Part of Ms Shawcross’s role will be to develop Heathrow’s transport access strategy, and monitoring the airport’s performance against the strategy’s targets.
The “Heathrow Area Transport Forum” is an independent statutory body whose chair’s salary is paid by the airport. It does not have powers to penalise Heathrow if it misses the targets. Ms Shawcross said the Department for Transport and Civil Aviation Authority would have to hold Heathrow to account.
… and it continues … full article at
Piece of Heathrow’s website about Val Shawcross in her new role:
Curious that she now works to help get the Heathrow runway approved, when she was so much against it before….
Depressing … unless she really manages to stop the worst problems. But she is paid by the airport itself ….
With Heathrow consultations starting soon, critics warn of insurmountable flaws in its runway plans
Heathrow will publish its public consultations, on its hopes for a 3rd runway, on Wednesday 17th January. It says this is to gather public feedback on its proposals, to help refine its plans further (ie. see what tweaks it needs to make, to try and get round the most serious criticisms). The consultations will include options for how to get the runway to cross Britain’s busiest motorway, the M25, and provide detail on the cost-cutting it has envisaged to trim £2.5bn off expansion costs. Meanwhile London’s deputy mayor for transport, Val Shawcross, has said that she and London Mayor Sadiq Khan are in “no doubt that the government is pushing ahead with the wrong option.” She said there are currently “no significant plans for investment in public transport access to the airport.” This would come at an immense cost to Londoners, and Val said it was “a disastrous failing and it’s vital that the government acknowledges these insurmountable flaws and changes course now”. Labour’s shadow transport secretary, Andy McDonald said: ‘Heathrow’s planning consultation must provide firm commitments on noise, air pollution, climate change and wider UK airport growth to ensure support from Labour MPs, the public and the aviation industry.”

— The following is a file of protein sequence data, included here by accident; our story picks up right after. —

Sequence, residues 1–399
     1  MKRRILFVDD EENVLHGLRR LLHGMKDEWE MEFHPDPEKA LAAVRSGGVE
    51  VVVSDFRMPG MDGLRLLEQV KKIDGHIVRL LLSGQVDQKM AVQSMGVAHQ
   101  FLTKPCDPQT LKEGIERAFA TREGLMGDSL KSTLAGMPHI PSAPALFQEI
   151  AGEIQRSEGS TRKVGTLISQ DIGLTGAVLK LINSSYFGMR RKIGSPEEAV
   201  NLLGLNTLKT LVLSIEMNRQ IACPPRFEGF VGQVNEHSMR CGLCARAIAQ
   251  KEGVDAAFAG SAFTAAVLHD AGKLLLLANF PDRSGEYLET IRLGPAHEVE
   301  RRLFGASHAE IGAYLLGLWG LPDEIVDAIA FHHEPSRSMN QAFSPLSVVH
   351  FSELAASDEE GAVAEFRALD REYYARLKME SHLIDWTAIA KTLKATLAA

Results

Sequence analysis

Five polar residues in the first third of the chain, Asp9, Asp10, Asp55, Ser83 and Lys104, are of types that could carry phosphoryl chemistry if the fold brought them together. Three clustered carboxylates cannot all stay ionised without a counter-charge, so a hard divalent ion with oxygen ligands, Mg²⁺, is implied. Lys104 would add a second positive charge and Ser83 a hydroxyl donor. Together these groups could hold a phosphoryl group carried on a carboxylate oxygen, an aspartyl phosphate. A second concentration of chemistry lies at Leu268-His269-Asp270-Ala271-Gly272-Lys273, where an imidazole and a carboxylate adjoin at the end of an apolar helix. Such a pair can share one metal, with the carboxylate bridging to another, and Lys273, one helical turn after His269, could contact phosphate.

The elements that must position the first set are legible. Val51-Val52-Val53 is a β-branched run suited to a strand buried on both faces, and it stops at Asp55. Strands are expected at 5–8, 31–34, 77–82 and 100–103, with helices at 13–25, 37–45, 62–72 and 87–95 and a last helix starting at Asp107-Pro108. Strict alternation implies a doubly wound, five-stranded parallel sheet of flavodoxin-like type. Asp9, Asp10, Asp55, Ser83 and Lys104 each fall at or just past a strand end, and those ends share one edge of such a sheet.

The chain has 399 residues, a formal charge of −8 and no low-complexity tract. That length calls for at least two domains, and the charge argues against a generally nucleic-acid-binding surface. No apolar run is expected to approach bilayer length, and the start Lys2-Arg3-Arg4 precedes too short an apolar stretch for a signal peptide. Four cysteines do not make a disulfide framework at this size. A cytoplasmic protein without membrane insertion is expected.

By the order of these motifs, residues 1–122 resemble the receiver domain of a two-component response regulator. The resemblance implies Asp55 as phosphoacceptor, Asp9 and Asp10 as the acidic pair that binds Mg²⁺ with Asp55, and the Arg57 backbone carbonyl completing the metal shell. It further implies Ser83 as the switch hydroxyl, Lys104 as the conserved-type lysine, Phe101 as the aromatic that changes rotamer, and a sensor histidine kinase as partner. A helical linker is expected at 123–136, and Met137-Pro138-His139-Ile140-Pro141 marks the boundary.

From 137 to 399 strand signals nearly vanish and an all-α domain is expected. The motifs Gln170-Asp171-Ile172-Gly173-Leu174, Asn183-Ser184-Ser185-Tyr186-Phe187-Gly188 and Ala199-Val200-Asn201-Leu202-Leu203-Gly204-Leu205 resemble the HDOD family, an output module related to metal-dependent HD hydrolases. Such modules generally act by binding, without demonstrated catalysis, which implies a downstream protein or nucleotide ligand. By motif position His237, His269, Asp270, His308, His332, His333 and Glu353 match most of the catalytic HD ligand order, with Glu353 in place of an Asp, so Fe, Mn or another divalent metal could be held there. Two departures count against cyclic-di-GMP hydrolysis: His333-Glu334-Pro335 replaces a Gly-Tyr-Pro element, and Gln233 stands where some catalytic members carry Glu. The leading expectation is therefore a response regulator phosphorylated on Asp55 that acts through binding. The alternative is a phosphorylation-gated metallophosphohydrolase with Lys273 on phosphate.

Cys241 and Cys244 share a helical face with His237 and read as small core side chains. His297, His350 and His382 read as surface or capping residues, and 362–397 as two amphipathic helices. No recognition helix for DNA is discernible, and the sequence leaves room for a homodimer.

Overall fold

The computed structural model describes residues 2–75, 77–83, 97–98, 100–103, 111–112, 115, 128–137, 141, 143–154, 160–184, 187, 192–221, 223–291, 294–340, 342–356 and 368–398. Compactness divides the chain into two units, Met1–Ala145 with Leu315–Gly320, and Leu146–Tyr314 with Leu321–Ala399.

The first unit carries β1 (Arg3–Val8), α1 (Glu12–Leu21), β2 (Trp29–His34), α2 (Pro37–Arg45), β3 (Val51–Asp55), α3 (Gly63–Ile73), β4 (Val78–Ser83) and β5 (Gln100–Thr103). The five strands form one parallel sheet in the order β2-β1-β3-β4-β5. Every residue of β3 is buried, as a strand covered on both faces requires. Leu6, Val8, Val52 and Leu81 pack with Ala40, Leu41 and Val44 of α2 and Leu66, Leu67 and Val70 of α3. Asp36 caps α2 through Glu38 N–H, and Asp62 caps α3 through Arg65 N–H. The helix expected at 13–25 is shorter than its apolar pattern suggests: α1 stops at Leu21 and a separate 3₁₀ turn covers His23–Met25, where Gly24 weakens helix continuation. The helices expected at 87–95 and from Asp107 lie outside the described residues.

Heathrow critics say it should face sanctions on broken promises if it tries to raise landing charges with a 3rd runway
Critics of Heathrow are calling for formal sanctions to be imposed on the airport if it fails to meet promises linked to its third runway expansion scheme. Heathrow’s boss John Holland Kaye has claimed the amount airlines pay for each of their passengers to land at the airport will remain “close to current levels” once the new runway is built. But evidence provided to the influential Transport Committee of MPs in Parliament claimed there are “weak incentives placed on Heathrow to tackle costs aggressively”. Heathrow’s landing charge per passenger now is about £22, but less for domestic flights. Heathrow also makes over £8 per passenger through retail and car parking. London’s Deputy Mayor for Transport Valerie Shawcross has called for there to be a ‘clear enforcement mechanism’ against Heathrow if it breaks expansion pledges, including its hope of half its passengers to use public transport by 2030, (without any formal mechanism for enforcing this). … “There is precedent [for a major infrastructure project] to be refused where particular thresholds or goals are not met and I believe this should be systematically applied to pledges made by both Heathrow and the Secretary of State [Chris Grayling],” … “A clear enforcement mechanism should also be included for imposing a cap on flights when such pledges are breached.”